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unicef @en

UNICEF calls for stronger ties with ICCIMA.

BreakingNews @en di

UNICEF representative in Iran has stressed the need to boost banking, hospitality, ICT and transport cooperation with Iran Chamber of Commerce, Industries, Mines and Agriculture (ICCIMA). At a joint meeting with UNICEF Representative in Iran Dr. Will Parks in Tehran, Vice-President of ICCIMA Pedram Soltani recounted on history and performance of chambers of commerce in the world saying “in the past 40 years, in addition to supplying needs of the private sector and their members, chambers have also sought to fulfill social and cultural interests.” The official referred to establishment of Abrar Charitable Society in ICCIMA adding the Chamber has put social and cultural development on agenda. He went on to enumerate major activities of Abrar Charitable Society including development of rural areas, supporting education of students in disadvantaged areas and participation in cultural and educational centers. Later at the meeting, Representative of United Nations International Children’s Emergency Fund (UNICEF) in Iran Dr. Will Parks recounted on his 40-year experience of activities in Iraq and Iran as well as 40 other world countries and voiced optimism that UNICEF’s ties with the private sector, which had remained at a hiatus since 2009, will be resumed. “UNICEF seeks to attract cooperation of state and private sectors as well as other international institutions in order to accomplish its objectives in Iran,” he added. Parks also highlighted the key role played by ICCIMA, as Iran’s largest private sector body, in shaping bonds between UNICEF and firms whose activities are somehow related to children; “these ties could facilitate UNICEF activities and provide them with greater legitimacy”.



Swedish Ambassador visits Hermel, says his country keen on supporting Syrian refugees in Lebanon

BreakingNews @en di

Wedish Ambassador to Lebanon, Peter Semneby, expressed on Thursday his country’s deep concern for Middle Eastern affairs, especially those involving Syrian refugees. “Despite the evacuation of the Swedish Embassy in Syria, we remain in contact with the Syrian state. We are also assisting Syrian refugees on Lebanese territories”, the Swedish diplomat said, confirming his country’s relentless efforts to provide support to Syria and other neighboring countries. He made clear that during the second half of 2017, funding will take place through UNICEF. “This will take place following a thorough study on the needs of Syrian refugees and their hosting societies”, he added.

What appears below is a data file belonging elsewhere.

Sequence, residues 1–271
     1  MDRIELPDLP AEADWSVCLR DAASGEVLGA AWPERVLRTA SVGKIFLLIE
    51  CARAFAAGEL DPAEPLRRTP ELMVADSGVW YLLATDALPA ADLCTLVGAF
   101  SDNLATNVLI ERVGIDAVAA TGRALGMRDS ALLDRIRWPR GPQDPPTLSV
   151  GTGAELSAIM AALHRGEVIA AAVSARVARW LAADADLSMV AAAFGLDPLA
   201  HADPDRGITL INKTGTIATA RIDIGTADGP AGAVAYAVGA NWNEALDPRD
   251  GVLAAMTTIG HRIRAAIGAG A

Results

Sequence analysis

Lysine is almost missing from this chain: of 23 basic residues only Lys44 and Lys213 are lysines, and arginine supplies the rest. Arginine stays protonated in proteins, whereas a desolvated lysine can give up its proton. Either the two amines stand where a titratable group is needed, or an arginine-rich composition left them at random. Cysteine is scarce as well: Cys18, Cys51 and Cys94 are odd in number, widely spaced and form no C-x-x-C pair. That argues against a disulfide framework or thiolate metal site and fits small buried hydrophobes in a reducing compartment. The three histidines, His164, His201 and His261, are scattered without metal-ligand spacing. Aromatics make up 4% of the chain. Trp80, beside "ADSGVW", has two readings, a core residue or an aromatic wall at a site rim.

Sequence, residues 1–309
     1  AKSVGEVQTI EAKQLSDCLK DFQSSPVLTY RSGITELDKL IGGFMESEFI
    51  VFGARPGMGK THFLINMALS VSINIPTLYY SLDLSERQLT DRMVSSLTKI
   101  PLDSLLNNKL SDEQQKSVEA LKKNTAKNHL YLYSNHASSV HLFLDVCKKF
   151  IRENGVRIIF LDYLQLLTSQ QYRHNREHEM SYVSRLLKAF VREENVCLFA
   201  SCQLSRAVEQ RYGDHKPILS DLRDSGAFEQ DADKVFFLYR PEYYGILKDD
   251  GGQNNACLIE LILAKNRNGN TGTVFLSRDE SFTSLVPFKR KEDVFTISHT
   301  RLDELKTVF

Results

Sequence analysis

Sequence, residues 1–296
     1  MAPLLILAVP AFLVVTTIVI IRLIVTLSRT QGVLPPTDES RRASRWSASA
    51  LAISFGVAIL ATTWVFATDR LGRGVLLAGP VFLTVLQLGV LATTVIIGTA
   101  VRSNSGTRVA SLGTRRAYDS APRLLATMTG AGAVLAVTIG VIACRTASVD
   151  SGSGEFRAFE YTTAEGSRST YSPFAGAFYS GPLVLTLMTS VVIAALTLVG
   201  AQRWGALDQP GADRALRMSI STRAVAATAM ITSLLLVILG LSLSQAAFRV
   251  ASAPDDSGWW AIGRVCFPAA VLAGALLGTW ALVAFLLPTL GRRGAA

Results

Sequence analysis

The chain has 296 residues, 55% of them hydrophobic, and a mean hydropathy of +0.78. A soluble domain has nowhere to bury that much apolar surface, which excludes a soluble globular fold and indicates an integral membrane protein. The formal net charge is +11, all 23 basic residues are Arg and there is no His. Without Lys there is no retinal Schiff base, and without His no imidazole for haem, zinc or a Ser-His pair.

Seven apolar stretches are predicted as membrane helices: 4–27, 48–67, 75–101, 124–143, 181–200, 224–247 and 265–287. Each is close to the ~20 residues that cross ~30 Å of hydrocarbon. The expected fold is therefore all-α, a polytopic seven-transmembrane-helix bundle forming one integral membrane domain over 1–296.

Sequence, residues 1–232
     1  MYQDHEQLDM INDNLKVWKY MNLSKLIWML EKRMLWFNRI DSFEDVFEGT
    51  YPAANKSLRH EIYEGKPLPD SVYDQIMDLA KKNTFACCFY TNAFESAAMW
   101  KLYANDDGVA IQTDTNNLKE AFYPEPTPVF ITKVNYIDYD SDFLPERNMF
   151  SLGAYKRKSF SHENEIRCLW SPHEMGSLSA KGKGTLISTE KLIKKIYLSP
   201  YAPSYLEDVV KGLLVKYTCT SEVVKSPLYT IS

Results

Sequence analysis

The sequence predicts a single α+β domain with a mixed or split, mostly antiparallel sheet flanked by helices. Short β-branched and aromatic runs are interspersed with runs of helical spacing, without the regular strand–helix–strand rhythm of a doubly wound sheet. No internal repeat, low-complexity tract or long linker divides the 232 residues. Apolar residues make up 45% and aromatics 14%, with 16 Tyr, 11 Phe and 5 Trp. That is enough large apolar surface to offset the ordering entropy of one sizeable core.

Nigeria gets 500,000 doses of meningitis vaccines to combat outbreak.

BreakingNews @en di

Minister of Health Isaac Adewole has confiermed that so far 328 people have died of suspected meningitis in Zamfara and Katsina states. The minister said extensive efforts had been deployed to avoid the further spread of the epidemic, also the discussion with WHO (World Health Organization) and UNICEF for supplies of vaccines and injections. Till now 500,000 doses of meningococcal vaccines have been secured, with an additional 800,000 units from the British government, By next Tuesday, there will be a meeting with the International Review Group of The World Health Organization (WHO) where request for additional vaccines shall be approved.  Nigeria had always been bedeviled with the stereotype A in years past, but this new bacteria vaccine, Meningitis Stereotype C, is not commercially available, can only be shipped to the country by WHO. All Nigerians especially residents of Katsina, Kano, Kebbi, Sokoto, Niger, Zamfara and Jigawa states are advised to pay attention to symptoms of Cerebro Spinal Meningitis (CSM) and avoid clogging together in unventilated and over-crowded rooms.

Child marriage soars in Yemen as famine looms.

BreakingNews @en di